Breaking News
More () »

'This is the ultimate leave no man behind' | Virginia bikers escort vet's abandoned ashes to family in PA

A Vietnam veteran's cremated remains were found in an abandoned storage unit in South Carolina. Volunteers returned them to his family.

ALDIE, Virginia — When a Vietnam veteran's ashes were found abandoned in a storage unit, volunteers made it their mission to return him to his family. 

It all started when Stacey Buckner, who works for Veterans Affairs in Fayetteville, North Carolina and founded Off-Road Outreach to help homeless veterans, received a call a couple of weeks ago.

She said a woman who owns storage units in Pageland, South Carolina contacted her saying she had discovered the ashes of Vietnam vet Corporal James Gartland in an abandoned unit.

“She said that the unit had not been paid on in a year and they were cleaning it out, and they found the remains of Corporal James W. Gartland still in the box that the cremation services sent him home in," Buckner said. "The young lady who had his remains, which was an ex-girlfriend, had left his remains in the storage unit and had not claimed them."

RELATED: New burial rules seek to extend Arlington Cemetery lifespan

Credit: Jess Arnold
Corporal James W. Gartland's ashes were found in an abandoned storage unit.

Buckner said she used her veteran and law enforcement contacts and found his brother, Joe Gartland, living in Dillsburg, Pennsylvania.

"I told him I was going to bring his brother home to him," she said.

She reached out to the Patriot Guard to arrange an escort from Fayetteville to Dillsburg, and the call went out to its membership of thousands.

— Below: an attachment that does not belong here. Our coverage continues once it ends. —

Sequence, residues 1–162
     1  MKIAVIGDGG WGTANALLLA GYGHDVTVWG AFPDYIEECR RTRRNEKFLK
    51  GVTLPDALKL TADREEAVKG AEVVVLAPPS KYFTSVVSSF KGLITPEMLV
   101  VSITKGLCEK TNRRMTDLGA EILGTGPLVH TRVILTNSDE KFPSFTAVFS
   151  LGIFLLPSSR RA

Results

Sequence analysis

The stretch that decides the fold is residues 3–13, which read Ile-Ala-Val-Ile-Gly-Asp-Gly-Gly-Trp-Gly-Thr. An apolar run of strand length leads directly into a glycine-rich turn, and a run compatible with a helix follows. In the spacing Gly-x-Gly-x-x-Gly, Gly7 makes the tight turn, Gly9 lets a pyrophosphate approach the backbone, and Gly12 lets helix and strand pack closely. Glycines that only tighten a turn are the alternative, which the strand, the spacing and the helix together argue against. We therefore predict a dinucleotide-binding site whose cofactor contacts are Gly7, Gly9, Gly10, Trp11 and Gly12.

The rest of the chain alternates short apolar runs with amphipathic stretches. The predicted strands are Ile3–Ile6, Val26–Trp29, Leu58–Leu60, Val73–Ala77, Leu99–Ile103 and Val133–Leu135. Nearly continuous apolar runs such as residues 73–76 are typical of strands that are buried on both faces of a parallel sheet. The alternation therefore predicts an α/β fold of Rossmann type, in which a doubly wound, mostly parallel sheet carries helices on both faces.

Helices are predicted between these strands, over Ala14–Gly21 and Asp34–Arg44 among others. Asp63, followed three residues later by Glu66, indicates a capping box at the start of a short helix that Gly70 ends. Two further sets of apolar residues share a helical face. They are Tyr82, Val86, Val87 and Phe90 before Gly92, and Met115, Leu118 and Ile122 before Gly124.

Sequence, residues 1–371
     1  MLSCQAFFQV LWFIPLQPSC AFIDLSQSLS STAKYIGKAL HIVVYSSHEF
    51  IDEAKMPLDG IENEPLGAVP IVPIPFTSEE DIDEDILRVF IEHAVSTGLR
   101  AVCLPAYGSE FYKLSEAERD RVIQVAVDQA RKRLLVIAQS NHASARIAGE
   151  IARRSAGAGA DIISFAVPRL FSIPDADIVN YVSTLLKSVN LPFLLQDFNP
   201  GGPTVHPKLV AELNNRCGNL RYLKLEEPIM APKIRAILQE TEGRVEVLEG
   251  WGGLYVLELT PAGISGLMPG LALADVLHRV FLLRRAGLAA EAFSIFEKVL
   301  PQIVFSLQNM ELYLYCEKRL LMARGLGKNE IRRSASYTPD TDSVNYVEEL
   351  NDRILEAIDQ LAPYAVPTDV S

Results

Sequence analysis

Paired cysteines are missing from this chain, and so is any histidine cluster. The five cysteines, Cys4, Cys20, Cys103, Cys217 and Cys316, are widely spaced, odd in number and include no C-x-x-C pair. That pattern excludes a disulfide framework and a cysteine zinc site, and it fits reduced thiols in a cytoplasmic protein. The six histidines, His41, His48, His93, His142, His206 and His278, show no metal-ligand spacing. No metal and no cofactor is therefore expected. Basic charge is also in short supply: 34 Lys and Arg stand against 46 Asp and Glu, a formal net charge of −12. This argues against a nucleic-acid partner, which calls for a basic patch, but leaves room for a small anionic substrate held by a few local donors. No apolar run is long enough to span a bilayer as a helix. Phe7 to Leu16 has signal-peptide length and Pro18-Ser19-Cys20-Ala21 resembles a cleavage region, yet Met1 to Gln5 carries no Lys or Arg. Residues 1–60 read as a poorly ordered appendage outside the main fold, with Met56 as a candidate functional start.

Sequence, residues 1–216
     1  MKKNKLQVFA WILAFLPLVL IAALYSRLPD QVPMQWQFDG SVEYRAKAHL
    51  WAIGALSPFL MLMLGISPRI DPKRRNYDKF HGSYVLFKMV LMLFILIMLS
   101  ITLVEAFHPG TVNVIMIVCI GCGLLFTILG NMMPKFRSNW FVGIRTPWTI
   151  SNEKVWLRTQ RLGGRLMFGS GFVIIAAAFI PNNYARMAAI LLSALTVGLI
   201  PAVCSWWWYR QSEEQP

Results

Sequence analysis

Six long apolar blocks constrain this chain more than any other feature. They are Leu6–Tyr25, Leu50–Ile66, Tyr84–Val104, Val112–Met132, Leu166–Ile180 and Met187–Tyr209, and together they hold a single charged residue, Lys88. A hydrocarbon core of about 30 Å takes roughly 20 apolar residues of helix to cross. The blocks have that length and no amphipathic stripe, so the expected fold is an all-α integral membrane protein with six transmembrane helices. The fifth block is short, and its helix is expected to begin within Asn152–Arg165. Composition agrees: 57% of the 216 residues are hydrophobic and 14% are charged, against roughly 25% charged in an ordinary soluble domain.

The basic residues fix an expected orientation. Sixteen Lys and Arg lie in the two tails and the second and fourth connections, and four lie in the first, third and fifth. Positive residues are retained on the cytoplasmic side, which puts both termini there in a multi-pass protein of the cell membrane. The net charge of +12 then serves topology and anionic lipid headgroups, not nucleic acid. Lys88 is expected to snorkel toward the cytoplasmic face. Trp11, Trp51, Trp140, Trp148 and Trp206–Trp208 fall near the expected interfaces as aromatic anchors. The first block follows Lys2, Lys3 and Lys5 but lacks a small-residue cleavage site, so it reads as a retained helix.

A caravan of riders signed on to help, including around ten in Loudoun County.

“This is the ultimate leave no man behind, period,"  James Robinson, a ride captain with the Virginia Patriot Guard, said. "Just to make contact with that final resting place and final closure for the family.”

The Loudoun County contingent joined the group in Aldie, Virginia with American flags in tow.

They reached Pennsylvania Saturday evening to a crowd that assured the Gartland family that the corporal would never be abandoned again.

“Once you are out of the military, you become a veteran, once you pass away, it doesn’t stop there. We continue to serve you," Buckner said. "He served our country.. this is what we do.”

RELATED: Virginia veteran works to make sure all donations reach those in need in Bahamas, unlike in Puerto Rico

RELATED: He says Army doctors never told him about a mass on his lungs. Now this soldier is fighting for the right to sue

Download the brand new WUSA9 app here.

Sign up for the Get Up DC newsletter: Your forecast. Your commute. Your news.

Before You Leave, Check This Out